Ovarian stimulating hormone (FSH)


Follicle-stimulating hormone (FSH) is a hormone secreted by the pituitary gland that regulates the production and growth of follicles in the ovaries for women and sperm maturation for men. Its secretion becomes active during the sexual maturation period.

In women, FSH controls the initial stage of the menstrual cycle, causing active follicle growth in the ovary and significant estrogen release into the bloodstream. FSH and LH concentrations peak in the middle of the cycle, stimulating the ovulation process. In the second stage of the cycle, FSH ensures progesterone production. If pregnancy doesn’t occur, FSH levels decrease, leading to reduced progesterone and estrogen concentrations, and the shedding of the uterine lining – menstruation begins.

FSH secretion is regulated based on the principle of negative feedback, where high concentrations of estrogen and progesterone suppress hormone production, while low concentrations enhance it.

In men, FSH contributes to spermatogenesis during adolescence and stimulates testosterone production. After sexual maturation, hormone levels remain somewhat stable and contribute to sperm production.

Changes in FSH concentration, especially disruptions in its production cycle in women, can lead to reproductive function disorders.

Synonyms for FSH testing include follicle-stimulating hormone, FSH assay, blood test for FSH, puberty-stimulating hormone, and gonadotropin.

Blood tests for FSH are conducted to assess reproductive function in both men and women. Reasons for this test include infertility, recurrent miscarriages, poor sperm analysis results, delayed or accelerated sexual maturation, menstrual irregularities, chromosomal abnormalities, and signs of pituitary or ovarian dysfunction.

  • Regular FSH testing is recommended during hormone therapy to evaluate treatment effectiveness.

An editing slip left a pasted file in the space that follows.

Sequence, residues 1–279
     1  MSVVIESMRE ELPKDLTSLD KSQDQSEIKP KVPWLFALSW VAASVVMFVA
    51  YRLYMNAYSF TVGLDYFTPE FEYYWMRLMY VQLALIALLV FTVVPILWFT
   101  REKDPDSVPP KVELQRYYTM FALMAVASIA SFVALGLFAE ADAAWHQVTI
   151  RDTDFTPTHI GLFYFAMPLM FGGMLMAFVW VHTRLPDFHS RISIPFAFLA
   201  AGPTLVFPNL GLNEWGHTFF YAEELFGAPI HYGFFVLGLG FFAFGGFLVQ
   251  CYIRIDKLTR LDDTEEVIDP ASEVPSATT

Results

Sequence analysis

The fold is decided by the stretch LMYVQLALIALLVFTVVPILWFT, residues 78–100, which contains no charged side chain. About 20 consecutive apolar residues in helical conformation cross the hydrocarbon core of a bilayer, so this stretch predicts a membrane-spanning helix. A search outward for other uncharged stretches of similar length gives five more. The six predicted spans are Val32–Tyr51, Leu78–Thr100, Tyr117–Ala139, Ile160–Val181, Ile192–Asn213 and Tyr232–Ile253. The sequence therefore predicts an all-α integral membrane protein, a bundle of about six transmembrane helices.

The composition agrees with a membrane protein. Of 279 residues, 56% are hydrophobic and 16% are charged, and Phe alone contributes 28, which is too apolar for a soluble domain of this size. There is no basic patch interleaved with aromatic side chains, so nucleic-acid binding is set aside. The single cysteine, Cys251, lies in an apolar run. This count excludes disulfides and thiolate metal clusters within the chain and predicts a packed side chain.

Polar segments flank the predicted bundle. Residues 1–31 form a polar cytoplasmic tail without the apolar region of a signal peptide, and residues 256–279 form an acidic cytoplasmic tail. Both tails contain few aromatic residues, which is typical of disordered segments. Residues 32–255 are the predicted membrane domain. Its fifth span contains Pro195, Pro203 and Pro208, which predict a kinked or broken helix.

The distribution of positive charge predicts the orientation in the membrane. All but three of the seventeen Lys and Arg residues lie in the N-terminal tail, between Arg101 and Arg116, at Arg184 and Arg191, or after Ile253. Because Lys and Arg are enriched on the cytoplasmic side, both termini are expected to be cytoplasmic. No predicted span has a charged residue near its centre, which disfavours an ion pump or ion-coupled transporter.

• To conduct the FSH test, blood is drawn from a vein and FSH concentration in the serum is analyzed.
  • Preparation for the analysis includes fasting for 8-12 hours, avoiding food but allowing water intake. For women, the test is typically performed on days 2-4 of the menstrual cycle, unless instructed otherwise by a doctor. Strenuous exercise, mental stress, and tension should be avoided 3-4 days prior to the test as they can affect the results.

Infections in the body are contraindications for testing, and ensuring good health before sampling is essential. Discontinuing hormonal medications and oral contraceptives several weeks before the test is preferred, but it should be done under medical consultation.

Smoking should be avoided an hour before the test, and resting before entering the room is advised.

Results of follicle-stimulating hormone (FSH) analysis are measured in international units per milliliter (mIU/mL). Below are the reference values according to age and gender:

FSH levels for males:

  • 0 – 1 year: Less than 3.5 mIU/mL
  • 1 – 5 years: Less than 1.45 mIU/mL
  • 6 – 10 years: Less than 3.04 mIU/mL
  • 11 – 14 years: 0.36 – 6.29 mIU/mL
  • 15 – 20 years: 0.49 – 9.98 mIU/mL
  • Above 21 years: 0.95 – 11.95 mIU/mL